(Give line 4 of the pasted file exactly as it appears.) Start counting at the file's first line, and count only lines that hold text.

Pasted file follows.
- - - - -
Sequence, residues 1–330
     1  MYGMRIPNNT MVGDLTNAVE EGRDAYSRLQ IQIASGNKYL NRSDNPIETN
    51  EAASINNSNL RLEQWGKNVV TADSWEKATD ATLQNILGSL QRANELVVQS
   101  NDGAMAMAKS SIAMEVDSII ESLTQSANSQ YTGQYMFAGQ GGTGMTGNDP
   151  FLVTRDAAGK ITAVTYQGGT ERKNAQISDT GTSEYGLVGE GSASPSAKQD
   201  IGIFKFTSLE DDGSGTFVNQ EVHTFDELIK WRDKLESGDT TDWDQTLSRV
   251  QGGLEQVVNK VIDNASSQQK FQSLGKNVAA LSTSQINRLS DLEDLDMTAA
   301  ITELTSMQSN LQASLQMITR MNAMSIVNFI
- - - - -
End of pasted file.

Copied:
   101  NDGAMAMAKS SIAMEVDSII ESLTQSANSQ YTGQYMFAGQ GGTGMTGNDP